The latest report on Arkansas employment and unemployment included positive news along several dimensions. The number of unemployed and the unemployment rate declined, and both the household and payroll surveys showed increases in employment.
The headline news was a decline in the unemployment rate from 4.2% in August to 4.0% in September. Typically, month-to-month changes in state unemployment rates are not statistically significant; however, today’s BLS report notes that the September decline in Arkansas did meet that threshold. The U.S. unemployment rate had previously been reported to have declined by 0.4 percentage points to 4.8% for the month, but the remaining spread between the national and state rates remains statistically significant.
The underlying components of the unemployment rate were all going in the right direction: The number unemployed dropped by 2,967, the largest one-month decline since January. The number of employed was up by 3,561—the second consecutive month of employment gains over 3,000. The labor force expanded by 594.
Nonfarm payroll employment also showed increases for the month. On a not-seasonally adjusted basis, employment increased by 17,300. However, more than 15,000 of those job gains were associated with seasonal increases at public and private educational institutions. After seasonal adjustment, the payroll data showed a gain of 1,000 jobs.
Sectors that showed the largest declines included Education & Health Services and Government, showing that while the start school year brought the typical surge in employment, the magnitude of the increase was not as substantial as typically expected. Key sectors showing increases in employment included Retail Trade and Transportation & Utilities. Durable goods manufacturing was up, but employment in manufacturing of nondurables continued to slump.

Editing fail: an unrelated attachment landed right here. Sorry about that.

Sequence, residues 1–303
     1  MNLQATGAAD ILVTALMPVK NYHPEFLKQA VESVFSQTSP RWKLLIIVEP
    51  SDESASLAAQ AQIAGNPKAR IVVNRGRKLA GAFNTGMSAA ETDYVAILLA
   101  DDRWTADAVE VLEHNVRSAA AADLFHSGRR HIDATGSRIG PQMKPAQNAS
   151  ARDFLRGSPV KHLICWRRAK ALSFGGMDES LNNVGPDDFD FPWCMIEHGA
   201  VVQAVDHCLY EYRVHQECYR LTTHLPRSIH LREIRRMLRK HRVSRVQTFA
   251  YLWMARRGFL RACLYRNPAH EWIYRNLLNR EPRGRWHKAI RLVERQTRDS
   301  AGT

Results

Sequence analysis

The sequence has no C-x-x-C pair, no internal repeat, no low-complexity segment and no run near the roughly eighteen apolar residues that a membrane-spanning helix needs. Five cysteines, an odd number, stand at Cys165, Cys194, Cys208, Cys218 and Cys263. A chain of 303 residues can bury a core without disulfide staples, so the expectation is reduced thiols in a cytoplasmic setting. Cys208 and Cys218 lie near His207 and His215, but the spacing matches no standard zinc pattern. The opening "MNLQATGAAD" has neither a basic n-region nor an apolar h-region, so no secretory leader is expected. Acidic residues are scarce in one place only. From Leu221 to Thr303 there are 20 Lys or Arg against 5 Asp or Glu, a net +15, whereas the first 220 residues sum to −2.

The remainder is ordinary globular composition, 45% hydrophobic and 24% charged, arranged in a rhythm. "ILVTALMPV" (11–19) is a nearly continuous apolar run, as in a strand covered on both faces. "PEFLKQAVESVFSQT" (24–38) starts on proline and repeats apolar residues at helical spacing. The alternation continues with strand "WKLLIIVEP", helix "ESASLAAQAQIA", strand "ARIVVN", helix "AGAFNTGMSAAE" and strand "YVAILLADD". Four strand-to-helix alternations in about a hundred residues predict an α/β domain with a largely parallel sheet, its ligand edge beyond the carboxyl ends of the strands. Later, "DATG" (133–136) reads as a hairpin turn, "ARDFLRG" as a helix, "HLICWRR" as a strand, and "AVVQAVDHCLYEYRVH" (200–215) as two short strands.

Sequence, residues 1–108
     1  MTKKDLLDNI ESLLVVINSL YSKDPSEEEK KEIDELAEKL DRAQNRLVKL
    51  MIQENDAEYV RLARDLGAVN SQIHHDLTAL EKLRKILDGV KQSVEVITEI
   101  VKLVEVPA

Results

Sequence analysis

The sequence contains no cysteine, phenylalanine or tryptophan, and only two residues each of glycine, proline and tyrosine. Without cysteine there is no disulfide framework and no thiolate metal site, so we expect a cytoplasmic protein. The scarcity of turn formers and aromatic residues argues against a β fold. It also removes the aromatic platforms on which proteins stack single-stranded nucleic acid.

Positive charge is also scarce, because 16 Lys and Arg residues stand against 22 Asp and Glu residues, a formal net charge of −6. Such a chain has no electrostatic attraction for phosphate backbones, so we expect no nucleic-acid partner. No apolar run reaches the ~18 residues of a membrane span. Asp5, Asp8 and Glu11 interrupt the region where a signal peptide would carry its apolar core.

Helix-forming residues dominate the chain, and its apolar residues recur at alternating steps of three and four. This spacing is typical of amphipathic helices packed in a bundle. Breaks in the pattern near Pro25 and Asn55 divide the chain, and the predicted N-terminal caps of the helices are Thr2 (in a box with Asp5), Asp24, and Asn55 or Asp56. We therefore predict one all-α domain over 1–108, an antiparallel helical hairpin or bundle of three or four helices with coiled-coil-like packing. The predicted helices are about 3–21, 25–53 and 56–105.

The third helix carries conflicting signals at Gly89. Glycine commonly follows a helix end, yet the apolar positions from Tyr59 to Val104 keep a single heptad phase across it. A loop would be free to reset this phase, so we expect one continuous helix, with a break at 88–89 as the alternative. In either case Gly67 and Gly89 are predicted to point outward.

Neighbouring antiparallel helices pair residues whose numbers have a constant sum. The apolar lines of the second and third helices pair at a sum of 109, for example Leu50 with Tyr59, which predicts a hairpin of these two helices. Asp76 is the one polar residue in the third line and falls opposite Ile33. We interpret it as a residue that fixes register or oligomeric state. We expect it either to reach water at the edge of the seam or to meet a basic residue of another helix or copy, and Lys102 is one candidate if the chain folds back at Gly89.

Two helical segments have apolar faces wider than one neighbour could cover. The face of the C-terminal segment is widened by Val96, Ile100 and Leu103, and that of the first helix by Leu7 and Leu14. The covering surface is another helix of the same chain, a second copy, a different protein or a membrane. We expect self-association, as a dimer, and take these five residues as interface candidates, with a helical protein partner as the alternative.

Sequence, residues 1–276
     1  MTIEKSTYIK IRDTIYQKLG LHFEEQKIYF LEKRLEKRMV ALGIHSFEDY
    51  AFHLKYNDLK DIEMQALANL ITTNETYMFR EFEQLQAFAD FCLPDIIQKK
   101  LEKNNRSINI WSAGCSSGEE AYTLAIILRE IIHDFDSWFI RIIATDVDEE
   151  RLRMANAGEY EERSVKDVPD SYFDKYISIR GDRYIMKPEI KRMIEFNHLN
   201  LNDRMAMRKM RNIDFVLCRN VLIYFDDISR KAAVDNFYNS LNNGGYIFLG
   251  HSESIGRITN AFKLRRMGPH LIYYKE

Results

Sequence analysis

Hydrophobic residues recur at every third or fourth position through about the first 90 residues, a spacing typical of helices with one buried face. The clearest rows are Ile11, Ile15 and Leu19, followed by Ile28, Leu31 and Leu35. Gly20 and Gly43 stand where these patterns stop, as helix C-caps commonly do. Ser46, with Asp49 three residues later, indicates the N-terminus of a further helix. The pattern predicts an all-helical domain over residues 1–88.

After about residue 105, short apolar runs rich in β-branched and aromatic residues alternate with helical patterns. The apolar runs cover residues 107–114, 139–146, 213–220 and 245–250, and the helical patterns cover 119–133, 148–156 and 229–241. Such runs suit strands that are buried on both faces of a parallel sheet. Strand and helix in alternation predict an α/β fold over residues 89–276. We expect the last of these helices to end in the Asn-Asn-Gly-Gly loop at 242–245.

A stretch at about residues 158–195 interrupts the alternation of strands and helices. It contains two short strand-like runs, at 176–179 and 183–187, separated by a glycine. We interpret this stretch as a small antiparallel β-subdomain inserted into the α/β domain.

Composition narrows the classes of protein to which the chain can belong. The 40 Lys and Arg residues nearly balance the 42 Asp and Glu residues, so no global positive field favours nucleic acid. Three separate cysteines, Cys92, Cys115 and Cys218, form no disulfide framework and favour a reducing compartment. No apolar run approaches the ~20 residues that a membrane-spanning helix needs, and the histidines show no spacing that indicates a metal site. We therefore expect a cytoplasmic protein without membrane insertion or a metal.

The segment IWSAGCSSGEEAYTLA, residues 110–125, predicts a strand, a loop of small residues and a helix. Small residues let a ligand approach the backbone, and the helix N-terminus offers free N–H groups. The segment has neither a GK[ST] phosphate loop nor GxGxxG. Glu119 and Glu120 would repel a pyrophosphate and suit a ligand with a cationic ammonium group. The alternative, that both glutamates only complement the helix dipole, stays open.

Job growth continues to show steady progress toward recovery from the COVID-19 recession, with employment gains over the past 12 months totaling 30,200 jobs. Nevertheless, there remain 23,600 fewer jobs than just before the pandemic hit—a gap of 1.7%. Nationwide, payroll employment remains 3.3% lower than in February 2020.
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Seasonally adjusted data for Arkansas nonfarm payroll employment, reported in a format consistent with the monthly news release from the Arkansas Division of Workforce Services, can be found here: Table-Seasonally Adjusted NFPE.